Nov 1, 2011

In agreement with herself, most of the time

"My father had a subscription to The New Yorker, and every week I would pick it up and start an argument with Kael. The argument had to remain in my own head, as that was well before the Web made it possible to storm into a comments section and tell off a critic. Usually, I didn’t want to tell off Kael, not exactly, no matter how much I objected to what she had written, and I objected to quite a lot. I wanted to ask her questions. I wanted some interaction with that brain. I would read her capsules in the front, or her ever-lengthening reviews in the back, and marvel at the syncopated, give-a-damn writing style and her utter faith in her own judgment. The fact that she was a woman mattered to me, too. Growing up in Alabama, I did not encounter many women with that kind of intellectual aggressiveness. Only gradually did I realize how widely Kael is criticized, even despised. The volume of things for which Kael is faulted begins to approach the size of her own output. She had too much power and wielded it unwisely. She collected acolytes, she started feuds. She overpraised Last Tango in Paris, she was blind to the virtues of Dr. Strangelove. She had no consistent set of criteria. She placed too much emphasis on screenwriters. Her kinship with ugly ducklings meant she gave too much credit to Liza Minnelli and Barbra Streisand. She sent David Lean into a spiraling depression with her review of Ryan’s Daughter. She helped ruin Orson Welles and the piece that did it, “Raising Kane,” showed lack of ethics, as did her stint in Hollywood, as did her rave over the rough cut for Nashville. She palled around with filmmakers, tuts Dargis, as though friendships with Woody Allen and Robert Altman kept Kael from hating Stardust Memories or 3 Women--the latter judgment prompting Altman to scream at her in the middle of an airport. (Altman got over it; Allen did not.) Others fault her for lack of loyalty to directors we now idolize. She never expounded “a theory, a system, or even a consistent set of principles,” points out A.O. Scott. And my response is, “well, thank god for that.” But the question also arises, is that the highest goal of criticism? Start Your Own -Ism?" — Self-Styled Siren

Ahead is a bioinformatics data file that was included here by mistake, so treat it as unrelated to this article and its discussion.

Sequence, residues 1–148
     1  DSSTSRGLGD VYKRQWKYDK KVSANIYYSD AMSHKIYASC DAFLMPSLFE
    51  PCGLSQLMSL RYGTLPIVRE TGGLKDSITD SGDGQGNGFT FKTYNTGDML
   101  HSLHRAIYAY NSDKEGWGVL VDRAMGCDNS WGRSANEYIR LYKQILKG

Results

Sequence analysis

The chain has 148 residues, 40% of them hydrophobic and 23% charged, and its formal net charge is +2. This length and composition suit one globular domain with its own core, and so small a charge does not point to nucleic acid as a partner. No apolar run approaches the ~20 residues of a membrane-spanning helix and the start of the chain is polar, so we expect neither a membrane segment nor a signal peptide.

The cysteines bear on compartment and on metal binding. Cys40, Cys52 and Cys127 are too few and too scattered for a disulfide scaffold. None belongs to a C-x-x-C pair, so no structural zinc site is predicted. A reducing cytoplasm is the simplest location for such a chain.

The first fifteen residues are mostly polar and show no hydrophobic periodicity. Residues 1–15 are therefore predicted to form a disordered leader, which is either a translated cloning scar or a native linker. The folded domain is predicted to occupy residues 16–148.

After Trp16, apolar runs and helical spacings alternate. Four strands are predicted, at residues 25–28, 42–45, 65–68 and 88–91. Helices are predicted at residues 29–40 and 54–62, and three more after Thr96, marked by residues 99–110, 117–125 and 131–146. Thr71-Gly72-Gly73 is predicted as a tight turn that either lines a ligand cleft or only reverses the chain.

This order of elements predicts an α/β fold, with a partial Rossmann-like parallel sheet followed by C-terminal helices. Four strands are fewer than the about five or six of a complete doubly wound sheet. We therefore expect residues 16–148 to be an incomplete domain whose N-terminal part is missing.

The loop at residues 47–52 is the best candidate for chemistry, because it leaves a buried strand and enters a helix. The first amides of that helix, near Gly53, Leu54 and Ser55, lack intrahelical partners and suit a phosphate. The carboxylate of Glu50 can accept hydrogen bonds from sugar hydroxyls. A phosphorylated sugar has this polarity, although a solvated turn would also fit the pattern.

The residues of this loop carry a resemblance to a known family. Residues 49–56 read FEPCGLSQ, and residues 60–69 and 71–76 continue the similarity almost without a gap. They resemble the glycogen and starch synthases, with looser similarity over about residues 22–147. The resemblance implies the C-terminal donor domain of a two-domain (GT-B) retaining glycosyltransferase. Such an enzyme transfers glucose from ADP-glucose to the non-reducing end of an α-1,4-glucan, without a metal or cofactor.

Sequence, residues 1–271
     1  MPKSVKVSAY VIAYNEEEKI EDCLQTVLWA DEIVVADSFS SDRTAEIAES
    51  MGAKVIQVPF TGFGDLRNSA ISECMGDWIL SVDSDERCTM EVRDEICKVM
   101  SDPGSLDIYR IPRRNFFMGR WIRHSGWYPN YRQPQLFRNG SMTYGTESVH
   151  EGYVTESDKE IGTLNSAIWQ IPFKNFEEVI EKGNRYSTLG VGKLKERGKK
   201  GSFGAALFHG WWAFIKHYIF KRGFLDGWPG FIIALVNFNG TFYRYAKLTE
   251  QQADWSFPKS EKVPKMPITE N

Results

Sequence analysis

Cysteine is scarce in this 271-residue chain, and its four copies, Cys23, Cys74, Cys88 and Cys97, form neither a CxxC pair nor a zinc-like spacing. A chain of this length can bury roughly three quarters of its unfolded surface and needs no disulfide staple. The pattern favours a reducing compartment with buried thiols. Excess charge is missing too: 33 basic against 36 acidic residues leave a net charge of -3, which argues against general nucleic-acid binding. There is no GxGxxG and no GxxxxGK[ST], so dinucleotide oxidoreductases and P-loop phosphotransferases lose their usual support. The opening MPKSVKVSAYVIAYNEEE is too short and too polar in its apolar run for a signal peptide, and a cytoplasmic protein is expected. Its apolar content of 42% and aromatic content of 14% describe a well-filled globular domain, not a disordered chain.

From the Siren's superb double-barrelled review of the Wolcott and Kael books. I've been amazed at the amount of sniping at Kael along the lines of "she was wrong about such-and-such", as if it were her job to get anybody's opinion right but her own. Who would they have her be in agreement with? Themselves, naturally, but even if she devoted herself to agreeing with person A, she would probably find herself in disagreement with person B and quickly run afoul of the old adage about not being able to please everyone all of the time. The worst thing you can say about a critic is not: she doesn't agree with me, but: she is not in agreement with herself. And Kael got herself right about 99% of the time.


  1. I remember reading AMERICAN FILM in either the late 70s or early 80s and an article about Kael and Altman stated that Pauline fell out of cinematic love with Bob around the release of BUFFALO BILL AND THE INDIANS.

  2. There was a stretch after "Nashville" where she didn't care for Altman's stuff. Then she praised "Come Back to the Five and Dime," "Vincent & Theo," and "Cookie's Fortune." I don't know what she thought about "The Player," but she said "Short Cuts" represented Altman at both his best and worst. In Francis Davis's "Afterglow," she said something to the effect of, "When Altman's on, nobody can touch him; and when he's not, he's nothing." With a few notable exceptions (Ford, Kubrick), Kael's opinions of filmmakers, and their movies on a case-by-case basis, were more nuanced than she's usually given credit for.